The current pandemic has revealed that high-speed internet access is no longer optional. It is a modern-day necessity. Just like running water and electricity were essential a century ago, today’s economy requires that all families and communities have reliable broadband access.
Students need to learn from home, adults and seniors need quick access to tele-health services, employees need to be able to work from home, and businesses need to be able to reach customers and markets, if we are going to keep our economy moving.
But, as we know, for far too many families and communities, the lack of reliable internet access is a daily reality that has turned into a crisis in the face of COVID-19.
Too many in Tennessee, and especially those in rural parts of our state, are falling way behind our urban and suburban communities in broadband access, speed, and reliability.
As additional investments are considered at the federal level, I hope Congress will expand broadband access where the needs are clearly the greatest.
Connecting rural homes and families will allow our students to have access to the same materials and distance learning opportunities that students in the urban areas have.
Connecting rural communities – who have lost local hospitals – will help local residents and seniors have access to the kinds of healthcare and telemedicine services that now require them to drive hours away.
Connecting rural businesses and farms will help them reach new markets and create new jobs, which can help address the economic needs of our most distressed counties and expand economic growth.
Congress must quickly work with state and local leaders, as well as the private sector, to expand broadband by supporting new infrastructure investments and increasing subsidies where needed.
It is estimated that 500,000 Tennesseans do not have fast or reliable enough internet access at home to support online learning. This disproportionately affects students in rural areas and low-income students in our urban centers
Our school districts and teachers have done their best with piecemeal solutions but they can’t do it on their own. It is up to us – employers and employees – to do what we can to ensure that students and their parents have internet access. Our current and future workforce depends on it.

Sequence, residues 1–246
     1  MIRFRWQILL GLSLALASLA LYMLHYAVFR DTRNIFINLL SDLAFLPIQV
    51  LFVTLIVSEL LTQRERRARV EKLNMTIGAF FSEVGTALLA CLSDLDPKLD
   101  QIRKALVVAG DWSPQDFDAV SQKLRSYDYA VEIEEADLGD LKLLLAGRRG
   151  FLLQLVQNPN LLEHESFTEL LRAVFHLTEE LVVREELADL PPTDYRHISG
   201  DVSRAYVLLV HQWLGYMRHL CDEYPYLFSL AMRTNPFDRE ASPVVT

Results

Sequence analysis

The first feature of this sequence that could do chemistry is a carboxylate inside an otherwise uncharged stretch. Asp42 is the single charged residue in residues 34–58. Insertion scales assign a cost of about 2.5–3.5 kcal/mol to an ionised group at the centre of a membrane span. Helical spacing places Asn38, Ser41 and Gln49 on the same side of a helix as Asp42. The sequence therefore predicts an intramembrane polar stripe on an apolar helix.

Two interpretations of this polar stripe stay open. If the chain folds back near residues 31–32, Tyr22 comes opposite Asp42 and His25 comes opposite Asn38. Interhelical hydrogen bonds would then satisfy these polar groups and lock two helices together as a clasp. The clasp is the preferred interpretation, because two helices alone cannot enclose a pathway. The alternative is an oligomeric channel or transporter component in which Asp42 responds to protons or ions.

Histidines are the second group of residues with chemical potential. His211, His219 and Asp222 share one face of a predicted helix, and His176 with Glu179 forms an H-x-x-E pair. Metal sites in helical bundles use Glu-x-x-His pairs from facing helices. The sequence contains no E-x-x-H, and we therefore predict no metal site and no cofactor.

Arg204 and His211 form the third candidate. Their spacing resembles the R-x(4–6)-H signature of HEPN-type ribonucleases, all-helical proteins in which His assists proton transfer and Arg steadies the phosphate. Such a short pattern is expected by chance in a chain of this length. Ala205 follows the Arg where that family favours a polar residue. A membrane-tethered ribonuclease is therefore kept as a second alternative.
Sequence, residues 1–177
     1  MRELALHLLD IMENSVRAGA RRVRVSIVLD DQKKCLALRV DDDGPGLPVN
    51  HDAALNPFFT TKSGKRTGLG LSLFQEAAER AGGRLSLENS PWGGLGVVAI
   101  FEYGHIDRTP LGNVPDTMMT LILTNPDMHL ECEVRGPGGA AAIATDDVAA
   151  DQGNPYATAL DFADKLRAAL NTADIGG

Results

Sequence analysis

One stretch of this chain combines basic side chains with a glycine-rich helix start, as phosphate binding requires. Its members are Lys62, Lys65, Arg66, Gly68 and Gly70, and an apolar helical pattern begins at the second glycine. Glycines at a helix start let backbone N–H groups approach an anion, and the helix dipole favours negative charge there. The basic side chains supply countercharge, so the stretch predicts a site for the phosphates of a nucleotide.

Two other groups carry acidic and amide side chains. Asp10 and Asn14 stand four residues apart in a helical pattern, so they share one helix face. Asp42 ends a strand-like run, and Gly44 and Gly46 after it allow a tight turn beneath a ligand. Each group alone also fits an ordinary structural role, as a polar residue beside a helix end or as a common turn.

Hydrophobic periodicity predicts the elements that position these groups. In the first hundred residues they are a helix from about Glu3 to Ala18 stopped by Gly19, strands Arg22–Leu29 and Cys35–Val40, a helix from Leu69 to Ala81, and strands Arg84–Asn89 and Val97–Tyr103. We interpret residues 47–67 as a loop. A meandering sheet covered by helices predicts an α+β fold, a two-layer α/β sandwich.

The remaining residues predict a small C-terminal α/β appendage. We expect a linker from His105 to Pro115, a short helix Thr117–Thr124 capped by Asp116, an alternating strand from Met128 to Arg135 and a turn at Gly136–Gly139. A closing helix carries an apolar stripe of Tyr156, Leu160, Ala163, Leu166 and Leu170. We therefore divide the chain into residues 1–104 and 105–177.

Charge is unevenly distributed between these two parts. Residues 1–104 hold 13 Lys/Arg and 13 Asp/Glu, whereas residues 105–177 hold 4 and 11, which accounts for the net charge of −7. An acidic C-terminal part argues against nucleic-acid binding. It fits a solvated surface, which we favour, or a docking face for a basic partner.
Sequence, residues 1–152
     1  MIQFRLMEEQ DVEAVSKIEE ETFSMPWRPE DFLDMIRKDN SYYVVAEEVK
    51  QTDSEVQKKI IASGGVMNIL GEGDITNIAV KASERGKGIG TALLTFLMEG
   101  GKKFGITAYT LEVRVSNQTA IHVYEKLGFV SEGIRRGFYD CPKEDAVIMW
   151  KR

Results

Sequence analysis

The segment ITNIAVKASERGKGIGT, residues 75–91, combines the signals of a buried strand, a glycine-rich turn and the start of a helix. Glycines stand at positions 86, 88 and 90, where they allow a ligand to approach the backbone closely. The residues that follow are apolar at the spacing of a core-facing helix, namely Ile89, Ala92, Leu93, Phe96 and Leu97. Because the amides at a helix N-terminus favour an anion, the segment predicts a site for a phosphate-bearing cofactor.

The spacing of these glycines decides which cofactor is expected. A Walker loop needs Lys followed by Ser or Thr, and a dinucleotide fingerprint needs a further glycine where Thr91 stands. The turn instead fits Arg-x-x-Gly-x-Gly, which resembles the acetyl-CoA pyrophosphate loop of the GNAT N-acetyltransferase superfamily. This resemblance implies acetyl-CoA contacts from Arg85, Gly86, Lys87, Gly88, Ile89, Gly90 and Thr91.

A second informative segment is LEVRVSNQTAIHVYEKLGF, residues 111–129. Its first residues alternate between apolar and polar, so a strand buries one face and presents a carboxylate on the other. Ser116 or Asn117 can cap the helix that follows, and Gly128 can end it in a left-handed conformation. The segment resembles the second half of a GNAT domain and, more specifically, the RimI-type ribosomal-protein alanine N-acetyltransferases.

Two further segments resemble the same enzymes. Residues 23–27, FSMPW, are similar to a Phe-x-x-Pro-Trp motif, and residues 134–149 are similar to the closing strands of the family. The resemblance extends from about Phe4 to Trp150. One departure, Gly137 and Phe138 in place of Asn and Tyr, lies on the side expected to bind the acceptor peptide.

Growing up in a small town in Western Tennessee, I’m very sensitive to the situation faced by our rural communities. Access to information via the internet is vital to the success of these communities who face multiple obstacles to the continued growth of their localities.
I’m fortunate to now live in the Nashville area where we take broadband for granted; however, it’s vitally important to the citizens in our small rural communities to have the same opportunity to access information as those in the metropolitan areas.
With the Senate likely to take up COVID-relief and infrastructure bills that include funding for expanding broadband access, I am encouraged by Senator Alexander’s leadership on this issue. He knows no student should lag behind their peers just because they lack internet access at home or are trying to do their homework on a cell phone. He knows no community must be forced to forgo the telemedicine services they need – or the economic access businesses and workers require.
I hope he will continue to champion rapid and common sense investments in expanding broadband in Tennessee. It is time to make better use of all available resources, and to quickly put in place the federal investments needed in both wired and wireless broadband infrastructure.
Having broadband internet access is no longer optional. It has become a requirement for learning, for working, and for life.
A native of West Tennessee, Kelly McCreight is President and CEO of Hamilton-Ryker, and Board Chair of the Tennessee Chamber of Commerce.
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